Mass. Confirms 1,281 New COVID Cases, 41 More Deaths

There have now been 559,083 confirmed cases and 16,085 deaths in the state since the start of the pandemic, according to the Massachusetts Department of Public Health

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Massachusetts health officials reported 1,281 new confirmed coronavirus cases and 41 more deaths on Sunday.

There have now been 559,083 confirmed cases and 16,085 deaths in the state, according to the Massachusetts Department of Public Health. Another 332 deaths are considered probably linked to COVID-19.



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Generally, Massachusetts' coronavirus metrics have been trending down in the past several weeks, according to the Department of Public Health's interactive coronavirus dashboard, with the average number of cases, hospitalizations and deaths peaking in the second week of January.

The testing rate peaked Jan. 1. The figures reported daily are important for tracking trends with the virus' spread, though a single-day change may not reflect a larger trend, and may reflect incomplete data.

Sunday's report showed the percentage of coronavirus tests coming back positive, on average, ticked down to 1.66% from 1.79% on Saturday.

The number of patients hospitalized for COVID-19 dipped again, with 665 people listed as in the hospital on Sunday. Of that number, 174 were listed as being in intensive care units and 116 were intubated, according to health officials.

The number of estimated active cases increased to 27,320 from 27,190 on Saturday.

Around 120 nursing students from UMass Lowell are assisting Lowell General Hospital with their mass vaccination clinic.

The latest DPH reports comes a day before nurses at St. Vincent Hospital in Worcester are planning to strike following what they described as failed negotiations with Dallas-based Tenet Healthcare, which owns the hospital.

The nurses said in a press release that Tenet has refused to address their call for needed staffing improvements to ensure safer patient care. They scheduled a rally in Worcester on Sunday night ahead of the planned strike on Monday.

"It is clear from Tenet's hardline stance on staffing that they are intent on forcing nurses to strike,'' Marlena Pellegrino, a registered nurse and co-chair of the bargaining unit, said in a press release.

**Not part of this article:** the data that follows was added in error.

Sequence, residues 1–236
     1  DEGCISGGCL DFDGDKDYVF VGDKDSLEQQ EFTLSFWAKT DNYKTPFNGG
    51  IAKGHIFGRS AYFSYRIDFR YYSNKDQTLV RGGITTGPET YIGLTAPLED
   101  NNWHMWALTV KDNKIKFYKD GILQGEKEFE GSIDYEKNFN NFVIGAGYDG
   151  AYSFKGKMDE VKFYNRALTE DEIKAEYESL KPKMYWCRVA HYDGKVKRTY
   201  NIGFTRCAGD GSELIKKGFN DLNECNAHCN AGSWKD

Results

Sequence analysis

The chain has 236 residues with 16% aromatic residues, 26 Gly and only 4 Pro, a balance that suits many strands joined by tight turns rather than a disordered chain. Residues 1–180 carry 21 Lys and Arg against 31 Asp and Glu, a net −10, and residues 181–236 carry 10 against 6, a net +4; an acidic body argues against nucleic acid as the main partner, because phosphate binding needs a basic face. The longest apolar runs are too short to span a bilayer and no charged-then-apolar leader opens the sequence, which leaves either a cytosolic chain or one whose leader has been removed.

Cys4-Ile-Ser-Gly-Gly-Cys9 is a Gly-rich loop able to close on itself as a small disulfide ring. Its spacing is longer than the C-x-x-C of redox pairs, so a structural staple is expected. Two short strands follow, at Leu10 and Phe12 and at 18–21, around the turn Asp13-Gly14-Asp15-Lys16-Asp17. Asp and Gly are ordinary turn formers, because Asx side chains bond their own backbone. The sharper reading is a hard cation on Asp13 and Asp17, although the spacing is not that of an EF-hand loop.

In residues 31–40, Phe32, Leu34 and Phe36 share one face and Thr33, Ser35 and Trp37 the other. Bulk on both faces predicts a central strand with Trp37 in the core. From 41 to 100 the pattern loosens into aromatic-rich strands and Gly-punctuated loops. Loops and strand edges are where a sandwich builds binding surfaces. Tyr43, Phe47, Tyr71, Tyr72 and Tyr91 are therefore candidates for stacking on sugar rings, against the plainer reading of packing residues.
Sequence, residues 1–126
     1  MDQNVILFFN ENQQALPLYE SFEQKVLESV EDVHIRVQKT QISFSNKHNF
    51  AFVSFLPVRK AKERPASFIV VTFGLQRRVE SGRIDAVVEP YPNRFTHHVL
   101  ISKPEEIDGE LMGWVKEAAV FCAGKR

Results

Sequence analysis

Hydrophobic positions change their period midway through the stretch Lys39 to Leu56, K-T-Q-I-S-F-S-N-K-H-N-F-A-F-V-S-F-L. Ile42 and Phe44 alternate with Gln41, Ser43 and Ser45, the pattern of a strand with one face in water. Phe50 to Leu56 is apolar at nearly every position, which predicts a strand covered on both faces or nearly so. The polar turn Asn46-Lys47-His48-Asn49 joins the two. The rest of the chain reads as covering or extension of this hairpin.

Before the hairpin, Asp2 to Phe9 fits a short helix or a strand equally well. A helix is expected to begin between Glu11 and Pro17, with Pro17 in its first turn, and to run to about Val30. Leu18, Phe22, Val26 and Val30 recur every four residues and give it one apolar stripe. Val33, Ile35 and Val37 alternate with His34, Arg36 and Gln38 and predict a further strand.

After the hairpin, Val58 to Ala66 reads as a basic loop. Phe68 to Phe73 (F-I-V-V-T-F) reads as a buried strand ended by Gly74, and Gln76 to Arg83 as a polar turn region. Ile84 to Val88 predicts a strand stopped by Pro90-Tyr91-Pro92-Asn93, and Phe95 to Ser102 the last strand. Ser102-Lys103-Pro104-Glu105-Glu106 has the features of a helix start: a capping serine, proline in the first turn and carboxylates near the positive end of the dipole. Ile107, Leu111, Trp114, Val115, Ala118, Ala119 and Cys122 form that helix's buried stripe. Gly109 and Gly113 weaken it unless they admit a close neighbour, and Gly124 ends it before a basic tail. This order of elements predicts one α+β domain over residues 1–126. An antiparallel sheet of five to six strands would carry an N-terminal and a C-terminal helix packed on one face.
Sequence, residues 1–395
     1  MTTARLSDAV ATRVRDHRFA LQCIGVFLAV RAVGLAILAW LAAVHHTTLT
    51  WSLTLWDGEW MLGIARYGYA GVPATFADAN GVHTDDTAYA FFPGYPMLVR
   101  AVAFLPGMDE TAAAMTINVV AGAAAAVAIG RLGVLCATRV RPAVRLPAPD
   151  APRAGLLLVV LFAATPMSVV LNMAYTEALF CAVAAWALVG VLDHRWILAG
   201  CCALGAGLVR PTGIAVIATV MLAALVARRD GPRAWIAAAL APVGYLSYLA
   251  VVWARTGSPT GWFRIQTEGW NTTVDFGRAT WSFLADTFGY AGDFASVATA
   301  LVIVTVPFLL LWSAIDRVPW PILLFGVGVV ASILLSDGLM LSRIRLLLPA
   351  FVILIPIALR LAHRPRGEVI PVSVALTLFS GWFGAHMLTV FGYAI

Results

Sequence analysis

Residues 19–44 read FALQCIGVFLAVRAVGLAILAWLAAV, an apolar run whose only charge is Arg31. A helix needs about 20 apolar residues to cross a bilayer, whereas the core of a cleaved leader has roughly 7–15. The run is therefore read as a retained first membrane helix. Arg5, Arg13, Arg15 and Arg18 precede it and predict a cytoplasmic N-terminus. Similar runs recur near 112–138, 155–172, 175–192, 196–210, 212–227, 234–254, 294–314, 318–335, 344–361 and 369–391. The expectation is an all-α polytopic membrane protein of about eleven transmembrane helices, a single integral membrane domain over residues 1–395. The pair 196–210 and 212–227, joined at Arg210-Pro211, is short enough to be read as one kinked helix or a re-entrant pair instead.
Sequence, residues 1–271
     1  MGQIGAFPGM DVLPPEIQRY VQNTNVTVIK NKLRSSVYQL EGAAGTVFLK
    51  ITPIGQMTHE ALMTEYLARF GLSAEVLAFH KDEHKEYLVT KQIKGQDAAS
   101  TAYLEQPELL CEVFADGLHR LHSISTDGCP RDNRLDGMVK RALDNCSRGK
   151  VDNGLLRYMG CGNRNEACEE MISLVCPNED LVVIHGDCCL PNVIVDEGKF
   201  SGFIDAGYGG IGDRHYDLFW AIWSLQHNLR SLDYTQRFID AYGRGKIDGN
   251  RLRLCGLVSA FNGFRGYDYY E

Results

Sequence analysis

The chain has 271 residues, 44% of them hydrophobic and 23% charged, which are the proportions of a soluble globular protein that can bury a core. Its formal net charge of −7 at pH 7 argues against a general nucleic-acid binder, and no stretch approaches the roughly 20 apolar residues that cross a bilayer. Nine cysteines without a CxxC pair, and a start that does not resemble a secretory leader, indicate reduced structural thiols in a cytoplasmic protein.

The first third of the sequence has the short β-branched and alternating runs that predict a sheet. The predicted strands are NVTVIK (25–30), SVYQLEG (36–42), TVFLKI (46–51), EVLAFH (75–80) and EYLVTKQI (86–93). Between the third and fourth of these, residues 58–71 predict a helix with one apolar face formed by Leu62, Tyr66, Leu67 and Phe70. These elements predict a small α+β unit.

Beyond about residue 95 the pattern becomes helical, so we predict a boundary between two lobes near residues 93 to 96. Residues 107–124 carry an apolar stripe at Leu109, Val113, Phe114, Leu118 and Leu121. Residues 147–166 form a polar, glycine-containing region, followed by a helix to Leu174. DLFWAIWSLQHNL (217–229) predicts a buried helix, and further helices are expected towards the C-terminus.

"We are resolved to do whatever it takes for as long as it takes to protect our patients, as it is safer to strike now than allow Tenet to continue endangering our patients,'' she said. "We are always ready to get back to the table to negotiate whenever Tenet is ready do the same.''

The hospital issued a statement Sunday saying they are disappointed in what they called an irresponsible decision to call a strike in the middle of an ongoing pandemic, but said they are "fully prepared and appropriately staffed to continue to provide safe, high-quality care to our patients.''

Hospital management also said that over "18 months of negotiations, we listened attentively to our nurses and made multiple increasing offers to the MNA'' -- the Massachusetts Nurses Association, which is representing the striking nurses.

They said that "because of the costs associated with the strike, the hospital may revise its offer to account for the economic impact of the MNA's action.''

The MNA said the decision to strike followed what they described as a concerted effort over the last two years by the nurses to convince Tenet to improve the patient care conditions at the facility -- poor conditions they say that have only been exacerbated by the pandemic. Adding insult to injury, the union said, the same day nurses voted to authorize the strike, Tenet announced annual profits of more than $400 million.

The last time St. Vincent nurses went on strike was in 2000, when a 49-day work stoppage helped them get their first union contract.

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